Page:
12 Surprising twists on the Rupin pass trek

Arjun Majumdar is often asked about the “surprises” on the Rupin Pass trek. He puts down a list here of the 12 surprises of the Rupin Pass trek in Himachal.

Trekking reaching Dhanderas Thatch - PC - Vasudha Joisa
Trekkers reaching the Dhanderas Thatch campsite. PC – Vasudha Joisa

It is common knowledge among trekkers that the Rupin Pass trek is full of surprises. Not every trekker watches out for the changes in sceneries though. Here, he makes a checklist of all the surprises that’s in store on the trek. Look out for them.

1. The trail starts to climb immediately out of Dhaula, your base camp for the trek. Around 20 minutes into the trail, the climbs levels out. Look out for a sudden appearance of the entire Rupin River fanning out into a wide bed below you.

2. At Sewa, ask villagers to direct you to the temple. Those who have never seen a temple of the Kinnauri tradition will be in for a surprise. The temple looks like a watch tower – tall, standing on a base that runs at least 4 storey high, ending in a kind of a cabin with a sloping roof. So unique is the architecture that it is unlike anything you would have seen.

3. Further on, the trail briefly meanders on the Rupin river bed before climbing on to the embankment. The trail soon runs into a dilapidated wooden bridge over a smallish tributary of the Rupin. Spend some time on the bridge because it is the first surprise of the day – the bridge separates the two states of Uttarakhand and Himachal Pradesh.

4. Stepping past the post office of the Jiskun village, peer straight ahead and high up in the horizon. A cluster of houses, marking a village hangs out of the mountainside – so incredulous, that it takes time for you to fathom how a village can hang from the walls of a mountain. The village is Jhaka, your next camp site.

5. Half hour outside Jhaka village, the trail flattens out and plunges into a fir forest, so sudden that it is almost like a gate has opened up. Pine trees over 100 feet tall tower over the trail. And within the enchanting forest Maple trees play hide and seek. The forest ends as suddenly as it starts over a confluence of the Rupin with a tributary.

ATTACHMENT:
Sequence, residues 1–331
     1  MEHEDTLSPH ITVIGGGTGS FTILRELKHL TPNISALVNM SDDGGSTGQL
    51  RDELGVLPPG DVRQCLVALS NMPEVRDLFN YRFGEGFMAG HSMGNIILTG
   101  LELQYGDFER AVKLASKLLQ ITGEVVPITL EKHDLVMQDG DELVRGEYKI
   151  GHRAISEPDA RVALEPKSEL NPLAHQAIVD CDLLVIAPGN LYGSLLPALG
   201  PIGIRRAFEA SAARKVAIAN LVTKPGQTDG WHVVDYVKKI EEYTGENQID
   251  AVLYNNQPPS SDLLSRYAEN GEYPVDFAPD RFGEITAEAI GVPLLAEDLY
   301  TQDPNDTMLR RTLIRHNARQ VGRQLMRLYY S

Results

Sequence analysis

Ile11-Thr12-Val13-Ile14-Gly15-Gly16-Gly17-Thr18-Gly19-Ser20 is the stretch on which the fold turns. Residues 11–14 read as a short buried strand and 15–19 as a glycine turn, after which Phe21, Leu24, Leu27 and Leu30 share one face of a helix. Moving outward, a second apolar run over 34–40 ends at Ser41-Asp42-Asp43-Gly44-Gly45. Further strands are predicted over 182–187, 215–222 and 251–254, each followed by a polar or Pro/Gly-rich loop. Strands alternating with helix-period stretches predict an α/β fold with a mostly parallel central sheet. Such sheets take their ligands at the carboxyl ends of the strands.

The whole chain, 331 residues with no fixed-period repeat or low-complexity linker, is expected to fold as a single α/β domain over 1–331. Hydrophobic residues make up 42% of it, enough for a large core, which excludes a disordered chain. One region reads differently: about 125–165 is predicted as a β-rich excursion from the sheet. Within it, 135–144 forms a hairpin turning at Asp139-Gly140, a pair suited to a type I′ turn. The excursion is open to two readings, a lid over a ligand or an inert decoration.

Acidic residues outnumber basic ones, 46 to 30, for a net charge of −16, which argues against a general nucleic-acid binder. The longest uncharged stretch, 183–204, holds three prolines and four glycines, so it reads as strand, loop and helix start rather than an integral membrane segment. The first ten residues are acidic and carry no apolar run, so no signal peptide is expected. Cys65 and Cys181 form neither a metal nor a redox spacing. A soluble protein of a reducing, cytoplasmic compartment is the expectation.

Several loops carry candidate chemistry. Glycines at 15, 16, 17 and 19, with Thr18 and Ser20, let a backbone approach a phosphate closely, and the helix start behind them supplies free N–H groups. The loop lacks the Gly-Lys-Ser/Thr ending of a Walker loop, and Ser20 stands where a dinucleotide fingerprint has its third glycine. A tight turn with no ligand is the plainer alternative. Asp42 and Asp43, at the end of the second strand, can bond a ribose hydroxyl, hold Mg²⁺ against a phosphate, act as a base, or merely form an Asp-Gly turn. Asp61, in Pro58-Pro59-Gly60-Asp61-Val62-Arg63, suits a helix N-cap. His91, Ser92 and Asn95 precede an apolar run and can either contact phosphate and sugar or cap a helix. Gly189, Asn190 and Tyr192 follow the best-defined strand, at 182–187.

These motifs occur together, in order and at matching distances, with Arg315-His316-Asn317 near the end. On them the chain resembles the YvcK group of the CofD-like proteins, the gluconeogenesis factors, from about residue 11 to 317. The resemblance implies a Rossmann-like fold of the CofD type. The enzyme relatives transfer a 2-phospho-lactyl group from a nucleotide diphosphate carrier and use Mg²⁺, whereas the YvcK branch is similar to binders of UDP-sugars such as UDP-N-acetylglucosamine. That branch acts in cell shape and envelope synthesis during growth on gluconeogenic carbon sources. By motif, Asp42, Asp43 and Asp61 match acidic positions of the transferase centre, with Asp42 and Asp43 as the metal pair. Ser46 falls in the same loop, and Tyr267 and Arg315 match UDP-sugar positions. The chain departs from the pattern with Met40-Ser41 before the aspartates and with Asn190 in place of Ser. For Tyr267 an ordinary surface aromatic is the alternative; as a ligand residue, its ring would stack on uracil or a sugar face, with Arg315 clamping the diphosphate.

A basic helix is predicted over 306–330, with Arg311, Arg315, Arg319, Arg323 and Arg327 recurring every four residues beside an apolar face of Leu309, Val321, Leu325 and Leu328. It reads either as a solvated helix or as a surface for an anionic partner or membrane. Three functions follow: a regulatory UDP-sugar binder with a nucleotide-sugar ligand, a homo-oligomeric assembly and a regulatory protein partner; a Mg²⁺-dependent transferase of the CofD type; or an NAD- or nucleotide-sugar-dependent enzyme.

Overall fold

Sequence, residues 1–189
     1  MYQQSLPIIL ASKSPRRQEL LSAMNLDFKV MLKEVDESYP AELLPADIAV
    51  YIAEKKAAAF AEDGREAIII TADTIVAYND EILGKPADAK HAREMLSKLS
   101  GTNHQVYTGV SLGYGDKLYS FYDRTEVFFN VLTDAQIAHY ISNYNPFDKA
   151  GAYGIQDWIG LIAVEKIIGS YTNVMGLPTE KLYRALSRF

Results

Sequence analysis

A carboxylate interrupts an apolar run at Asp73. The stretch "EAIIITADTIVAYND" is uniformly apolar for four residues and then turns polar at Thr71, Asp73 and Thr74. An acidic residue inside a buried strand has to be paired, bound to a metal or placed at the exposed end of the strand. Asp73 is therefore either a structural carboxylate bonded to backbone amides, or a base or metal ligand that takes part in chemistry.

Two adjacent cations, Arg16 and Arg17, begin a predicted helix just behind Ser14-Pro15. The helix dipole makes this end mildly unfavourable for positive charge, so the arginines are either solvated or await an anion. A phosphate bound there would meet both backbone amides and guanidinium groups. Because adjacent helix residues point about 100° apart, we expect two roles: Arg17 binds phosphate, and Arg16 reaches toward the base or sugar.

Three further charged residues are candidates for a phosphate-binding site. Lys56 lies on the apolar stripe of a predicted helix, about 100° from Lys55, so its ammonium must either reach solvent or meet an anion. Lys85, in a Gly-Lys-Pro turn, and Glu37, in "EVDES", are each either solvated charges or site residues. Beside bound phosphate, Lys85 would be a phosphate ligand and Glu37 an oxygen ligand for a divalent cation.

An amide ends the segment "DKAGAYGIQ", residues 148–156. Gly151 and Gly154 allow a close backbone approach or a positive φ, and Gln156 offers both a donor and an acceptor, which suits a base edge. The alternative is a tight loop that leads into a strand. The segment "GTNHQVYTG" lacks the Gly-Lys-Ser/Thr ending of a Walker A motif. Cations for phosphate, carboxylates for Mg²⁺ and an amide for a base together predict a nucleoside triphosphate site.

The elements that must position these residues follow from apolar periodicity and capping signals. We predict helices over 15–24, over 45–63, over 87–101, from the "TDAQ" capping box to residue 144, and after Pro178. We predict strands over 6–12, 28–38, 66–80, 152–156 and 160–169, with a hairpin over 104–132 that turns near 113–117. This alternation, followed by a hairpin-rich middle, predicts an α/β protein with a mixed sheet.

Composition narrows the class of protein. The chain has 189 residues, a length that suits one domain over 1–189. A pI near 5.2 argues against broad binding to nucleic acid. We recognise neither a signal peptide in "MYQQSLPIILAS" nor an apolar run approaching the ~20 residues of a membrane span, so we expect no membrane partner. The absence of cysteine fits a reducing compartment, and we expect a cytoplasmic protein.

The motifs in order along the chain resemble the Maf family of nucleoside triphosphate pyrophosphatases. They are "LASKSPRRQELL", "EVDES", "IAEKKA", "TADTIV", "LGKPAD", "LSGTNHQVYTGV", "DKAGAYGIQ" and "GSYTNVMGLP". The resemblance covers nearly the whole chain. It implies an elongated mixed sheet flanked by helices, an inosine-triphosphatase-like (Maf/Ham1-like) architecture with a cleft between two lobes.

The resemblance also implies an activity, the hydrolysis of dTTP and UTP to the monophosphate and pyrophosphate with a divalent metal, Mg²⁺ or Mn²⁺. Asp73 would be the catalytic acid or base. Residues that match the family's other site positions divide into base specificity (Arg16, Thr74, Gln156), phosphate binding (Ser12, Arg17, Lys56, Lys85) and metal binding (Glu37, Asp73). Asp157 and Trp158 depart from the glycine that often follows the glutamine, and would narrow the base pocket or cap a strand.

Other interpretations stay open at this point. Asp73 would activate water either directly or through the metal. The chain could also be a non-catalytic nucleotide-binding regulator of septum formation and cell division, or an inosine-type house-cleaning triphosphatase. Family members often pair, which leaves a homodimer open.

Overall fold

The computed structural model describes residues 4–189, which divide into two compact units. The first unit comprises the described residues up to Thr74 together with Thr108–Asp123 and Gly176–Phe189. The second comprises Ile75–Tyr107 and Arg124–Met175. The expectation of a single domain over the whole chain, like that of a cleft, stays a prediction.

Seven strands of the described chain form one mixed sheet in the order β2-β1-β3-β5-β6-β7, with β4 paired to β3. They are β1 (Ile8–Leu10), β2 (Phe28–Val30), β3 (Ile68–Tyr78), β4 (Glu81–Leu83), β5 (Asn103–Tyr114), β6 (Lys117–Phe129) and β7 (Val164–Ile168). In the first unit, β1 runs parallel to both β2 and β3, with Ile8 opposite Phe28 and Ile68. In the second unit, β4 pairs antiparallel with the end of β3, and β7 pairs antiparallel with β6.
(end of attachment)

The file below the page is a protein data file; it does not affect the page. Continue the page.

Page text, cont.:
6. Later, past Udukanal and just past Buras Kandi, around a bend in the trail a sight leaves you gaping. Rhododendrons bloom everywhere and climb a thousand feet into the slope. It is a riot of colours: pink, violet and white Rhododendrons – all of the dwarf kind. Some of the Rhododendrons even swoop over the clear waters of the Rupin, their flowers falling into the river to be carried downstream forever.

7. After a while, stepping over the roots of the Rhododendrons, the trail suddenly tunnels into a view of the U-shaped Rupin glacial valley. In the far distance, at the end of the valley, are the famous three stage Rupin waterfalls. They appear to be falling from the clouds.

8. Soon after Saruwas Thatch, the trail climbs over a bump to suddenly stand on the lip of the glacial valley. The sight in front is straight out of a picture book. The Rupin flows gently, slowly through the middle of the greenest meadow that you have seen. On the sides of the valley, snow patches stick to the valley walls.

9. Look out for the snow bridges that you have to cross on your way to the lower water fall camp site (Dhanderas Thatch). Snow bridges are common on slopes but to see them on a wide open valley is a surprise.

10. Getting to the upper water fall camp site is a series of switchback climbs over the three water falls (and many on snow bridges and patches). Climbing the final ridge, the Upper Waterfall camp site is unlike any place you have seen before. It is a large basin where icy flanks of mountains surround it. Below the flanks snow melts to form hundreds of little streams that join together to form the Rupin.

11. The final climb to the Rupin pass is through a gully. In the narrow snow laden gully voices echo and reverberate through its confines – something that is new to most trekkers.

12. Getting out of the Ronti Gad campsite on the Sangla side, the trail descends harmlessly along over meadows, when a sudden bend on the trail brings you face to face with the towering summits of the Kinner Kailash ranges.

There are many other twists and turns on the Rupin Pass trail. I have listed the most significant ones here.                                                          

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Arjun Majumdar

Arjun Majumdar

An entrepreneur by profession and a trekker by passion, Arjun started Indiahikes in 2008. Long years of trekking and facing problems in getting information about trails led Arjun to start Indiahikes. With a vision to explore and document new trails, solve problems in the mountains and implement sustainable ways of trekking, he leads Indaihikes, a community that has changed the face of trekking in India.

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